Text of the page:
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JFP 6/13: Drone strikes drive global disapproval of Obama; Rand Paul calls for judicial review
Submitted by Robert Naiman on 13 June 2012 - 6:17pm
Just Foreign Policy News, June 13, 2012
Drone strikes drive global disapproval of Obama; Rand Paul calls for judicial review
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I) Actions and Featured Articles
Final Tally: Kucinich/Conyers: Ensure Transparency and Accountability In The U.S. Combat Drone Program
Twenty-six Members of Congress urged the Administration to come clean with Congress and the American people about civilian deaths resulting from drone strikes and about so-called "signature strikes" that target unknown people.
The signers of the Congressional letter were: Dennis Kucinich, John Conyers, Rush Holt, Jesse Jackson, Jr., Maurice Hinchey, Charlie Rangel, Pete Stark, Mike Honda, Raul Grijalva, Bob Filner, Barbara Lee, Jim McGovern, Lynn Woolsey, Hank Johnson, Luis Gutierrez, Ron Paul, John Lewis, George Miller, Jim McDermott, Yvette Clarke, Peter DeFazio, Peter Welch, Donna Edwards, Jerrold Nadler, Keith Ellison, Walter Jones.
PDF of the letter as sent:
NPR On The Media: Secrets That Aren't Secret
"The White House announced this week that they'd killed Al Qaeda's number 2 operative, but, following standard operating procedure, would not tell reporters how they'd killed him. Why? Because they killed him by targeted drone strike, a program which is widely known about but still technically classified. The New York Times reporter Scott Shane tells Bob [Garfield] that the administration's coy attitude towards classified secrets is stifling public debate."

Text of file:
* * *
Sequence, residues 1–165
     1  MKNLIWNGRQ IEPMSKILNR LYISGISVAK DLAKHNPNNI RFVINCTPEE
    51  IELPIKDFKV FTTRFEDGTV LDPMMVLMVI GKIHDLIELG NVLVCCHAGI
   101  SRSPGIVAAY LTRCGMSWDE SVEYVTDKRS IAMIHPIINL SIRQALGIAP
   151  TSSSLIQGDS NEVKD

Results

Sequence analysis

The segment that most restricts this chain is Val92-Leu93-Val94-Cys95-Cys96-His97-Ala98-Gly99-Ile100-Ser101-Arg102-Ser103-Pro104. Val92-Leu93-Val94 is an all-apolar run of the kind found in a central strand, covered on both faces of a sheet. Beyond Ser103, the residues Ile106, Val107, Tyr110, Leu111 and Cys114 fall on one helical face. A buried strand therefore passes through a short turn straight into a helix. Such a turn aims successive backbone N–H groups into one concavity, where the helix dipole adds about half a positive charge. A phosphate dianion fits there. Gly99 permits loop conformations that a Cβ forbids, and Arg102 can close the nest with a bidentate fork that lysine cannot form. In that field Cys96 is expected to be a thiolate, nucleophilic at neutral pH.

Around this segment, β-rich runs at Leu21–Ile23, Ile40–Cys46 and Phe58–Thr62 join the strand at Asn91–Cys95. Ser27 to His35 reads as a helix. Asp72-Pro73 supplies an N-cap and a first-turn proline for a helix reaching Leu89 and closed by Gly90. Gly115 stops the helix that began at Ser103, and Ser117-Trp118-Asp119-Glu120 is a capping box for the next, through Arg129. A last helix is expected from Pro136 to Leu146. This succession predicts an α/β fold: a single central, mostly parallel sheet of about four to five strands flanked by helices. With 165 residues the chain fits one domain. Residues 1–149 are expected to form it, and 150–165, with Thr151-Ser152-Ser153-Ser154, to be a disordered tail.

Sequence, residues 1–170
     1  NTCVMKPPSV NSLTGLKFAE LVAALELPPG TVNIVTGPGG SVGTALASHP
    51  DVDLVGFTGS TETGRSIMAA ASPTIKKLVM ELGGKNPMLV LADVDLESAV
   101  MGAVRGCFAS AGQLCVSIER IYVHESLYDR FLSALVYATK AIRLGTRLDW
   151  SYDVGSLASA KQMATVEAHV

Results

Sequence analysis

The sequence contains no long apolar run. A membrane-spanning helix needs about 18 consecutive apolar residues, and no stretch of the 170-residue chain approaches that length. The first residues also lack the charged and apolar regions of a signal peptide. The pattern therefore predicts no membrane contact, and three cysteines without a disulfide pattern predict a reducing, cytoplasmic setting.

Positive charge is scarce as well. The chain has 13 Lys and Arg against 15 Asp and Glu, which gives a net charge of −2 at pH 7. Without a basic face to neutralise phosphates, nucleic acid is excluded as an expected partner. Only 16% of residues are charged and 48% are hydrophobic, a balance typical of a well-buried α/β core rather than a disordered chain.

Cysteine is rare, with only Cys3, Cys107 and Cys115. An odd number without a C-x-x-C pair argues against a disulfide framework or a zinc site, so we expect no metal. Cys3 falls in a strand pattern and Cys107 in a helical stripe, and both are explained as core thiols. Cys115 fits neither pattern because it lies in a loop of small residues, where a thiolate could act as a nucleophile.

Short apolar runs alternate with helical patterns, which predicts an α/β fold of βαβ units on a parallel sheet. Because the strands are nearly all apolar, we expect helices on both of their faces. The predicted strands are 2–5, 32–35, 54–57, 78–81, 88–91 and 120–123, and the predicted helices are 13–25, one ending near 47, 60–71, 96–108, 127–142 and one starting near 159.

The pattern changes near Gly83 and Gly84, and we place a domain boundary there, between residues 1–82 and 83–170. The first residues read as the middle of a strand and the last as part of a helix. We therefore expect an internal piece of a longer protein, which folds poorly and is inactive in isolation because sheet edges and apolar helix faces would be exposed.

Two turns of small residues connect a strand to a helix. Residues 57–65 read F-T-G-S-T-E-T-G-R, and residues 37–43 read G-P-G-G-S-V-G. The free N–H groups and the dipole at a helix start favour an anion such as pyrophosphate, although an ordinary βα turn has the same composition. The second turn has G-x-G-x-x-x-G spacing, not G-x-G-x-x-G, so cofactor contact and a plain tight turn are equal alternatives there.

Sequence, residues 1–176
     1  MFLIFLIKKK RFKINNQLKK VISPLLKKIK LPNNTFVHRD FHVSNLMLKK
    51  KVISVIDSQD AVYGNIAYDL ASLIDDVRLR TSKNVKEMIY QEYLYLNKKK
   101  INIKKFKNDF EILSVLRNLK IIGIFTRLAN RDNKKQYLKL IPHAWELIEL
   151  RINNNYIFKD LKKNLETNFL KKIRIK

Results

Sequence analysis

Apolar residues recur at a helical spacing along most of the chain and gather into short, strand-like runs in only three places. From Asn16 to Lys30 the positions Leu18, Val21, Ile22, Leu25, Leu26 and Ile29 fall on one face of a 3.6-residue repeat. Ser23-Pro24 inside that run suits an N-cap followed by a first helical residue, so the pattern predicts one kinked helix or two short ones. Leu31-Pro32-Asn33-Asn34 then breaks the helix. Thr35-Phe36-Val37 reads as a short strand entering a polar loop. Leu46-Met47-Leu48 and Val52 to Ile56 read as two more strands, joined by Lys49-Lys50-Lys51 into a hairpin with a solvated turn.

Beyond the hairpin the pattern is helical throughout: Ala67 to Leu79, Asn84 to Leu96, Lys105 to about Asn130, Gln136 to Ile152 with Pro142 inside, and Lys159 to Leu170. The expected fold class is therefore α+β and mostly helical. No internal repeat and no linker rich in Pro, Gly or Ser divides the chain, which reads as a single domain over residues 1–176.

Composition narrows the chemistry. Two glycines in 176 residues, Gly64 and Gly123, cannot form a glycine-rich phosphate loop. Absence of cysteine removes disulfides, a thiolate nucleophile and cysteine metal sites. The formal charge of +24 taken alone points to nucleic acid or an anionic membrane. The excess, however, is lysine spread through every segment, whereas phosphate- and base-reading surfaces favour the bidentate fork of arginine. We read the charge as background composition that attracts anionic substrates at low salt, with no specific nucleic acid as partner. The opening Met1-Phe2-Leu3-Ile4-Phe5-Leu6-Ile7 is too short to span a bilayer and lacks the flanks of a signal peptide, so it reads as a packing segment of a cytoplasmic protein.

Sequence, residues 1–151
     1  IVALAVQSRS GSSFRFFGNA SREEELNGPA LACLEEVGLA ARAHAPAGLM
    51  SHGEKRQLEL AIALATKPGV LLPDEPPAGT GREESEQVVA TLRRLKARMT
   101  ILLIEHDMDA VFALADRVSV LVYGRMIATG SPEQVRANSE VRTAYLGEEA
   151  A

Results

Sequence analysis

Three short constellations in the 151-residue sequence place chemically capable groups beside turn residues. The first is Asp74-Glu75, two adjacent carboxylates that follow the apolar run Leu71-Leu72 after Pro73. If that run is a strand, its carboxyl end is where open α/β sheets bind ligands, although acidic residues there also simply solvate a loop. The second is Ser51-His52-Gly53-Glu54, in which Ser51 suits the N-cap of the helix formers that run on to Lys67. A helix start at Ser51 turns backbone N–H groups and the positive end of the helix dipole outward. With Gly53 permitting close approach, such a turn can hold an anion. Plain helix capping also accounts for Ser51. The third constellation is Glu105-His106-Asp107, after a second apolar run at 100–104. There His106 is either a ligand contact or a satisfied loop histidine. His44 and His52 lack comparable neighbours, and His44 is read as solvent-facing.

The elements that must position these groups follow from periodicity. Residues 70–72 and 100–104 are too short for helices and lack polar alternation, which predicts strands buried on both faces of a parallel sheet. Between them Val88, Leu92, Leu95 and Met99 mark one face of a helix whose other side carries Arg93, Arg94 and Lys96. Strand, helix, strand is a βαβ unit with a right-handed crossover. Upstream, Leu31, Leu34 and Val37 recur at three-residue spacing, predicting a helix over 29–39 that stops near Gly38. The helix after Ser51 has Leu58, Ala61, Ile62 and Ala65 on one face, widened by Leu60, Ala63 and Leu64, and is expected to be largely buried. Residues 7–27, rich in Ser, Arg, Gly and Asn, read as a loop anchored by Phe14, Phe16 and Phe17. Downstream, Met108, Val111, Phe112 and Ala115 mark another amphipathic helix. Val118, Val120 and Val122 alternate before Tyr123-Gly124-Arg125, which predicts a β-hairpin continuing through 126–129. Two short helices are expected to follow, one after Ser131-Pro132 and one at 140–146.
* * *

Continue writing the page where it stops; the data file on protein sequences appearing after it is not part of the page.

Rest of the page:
The Guardian: Gaza Live Blog
Five years ago this month, Israel and Egypt announced a heightening of the blockade of Gaza. "Although some aspects of the restrictions on the flow of goods and people into Gaza have been eased by Israel and Egypt since 2010, many believe the blockade still amounts to a collective punishment of the Gazans. By live blogging a day in Gaza we are attempting to show what everyday life is like there for its 1.7 million people."
Conyers: Help Alleviate the Haitian Cholera Crisis
Members of Congress urge UN Ambassador Rice to press the UN to take responsibility for the cholera crisis it caused. Signatories: Conyers, Cohen, Clarke (NY), Moran, Towns, Grijalva, Rush, Lee, Kucinich, Edwards, Stark, Rangel, Brown, Maloney, Schakowsky, Clarke (MI), Waters, Honda, Clay, Lewis (GA), McCollum, Wilson (FL), Capuano, Blumenauer, McDermott, Ellison, Johnson (GA), Gutierrez, Jackson, Deutch, Olver, Moran, Alcee Hastings, Filner, McGovern, Keating, Norton, Farr, Cummings, Woolsey, Fattah, Bass, Sires, Tierney, Hirono, Richardson, Larsen, Hinchey, Welch, Thompson (MS), Hahn, Moore, Al Green, Watt, Frank, Markey, Christensen, Faleomavaega, Delauro, Polis, Davis (IL), Lynch, Castor, Michaud, Gene Green, Wasserman-Shultz. Urge your Rep. to sign.
Post and share Just Foreign Policy's Haiti cholera counter:
Tracks deaths, cases, and the number of days that have passed since the UN brought cholera to Haiti. Current: 606 days, 7270 dead, 556,532 ill. And still the UN refuses to apologize or take responsibility.
1) Global approval of President Obama's policies has declined significantly, reports the Pew Research Center's Global Attitudes Project. There remains a widespread perception that the U.S. acts unilaterally and does not consider the interests of other countries. In predominantly Muslim nations, American anti-terrorism efforts are still widely unpopular. And in nearly all countries, there is considerable opposition to a major component of the Obama administration's anti-terrorism policy: drone strikes. In 17 of 20 countries, more than half disapprove of U.S. drone attacks targeting extremist leaders and groups in nations such as Pakistan, Yemen and Somalia.
2) Sen. Rand Paul says a U.S. decision to kill someone with a drone strike should be subject to judicial review, CNN reports. "So having the president decide who he's going to kill concerns me. I would rather it go through a court, and there are actually secret courts, the FISA court investigates intelligence information... I see no reason why there couldn't be some sort of court proceeding, even a secret court proceeding, to allow some protection."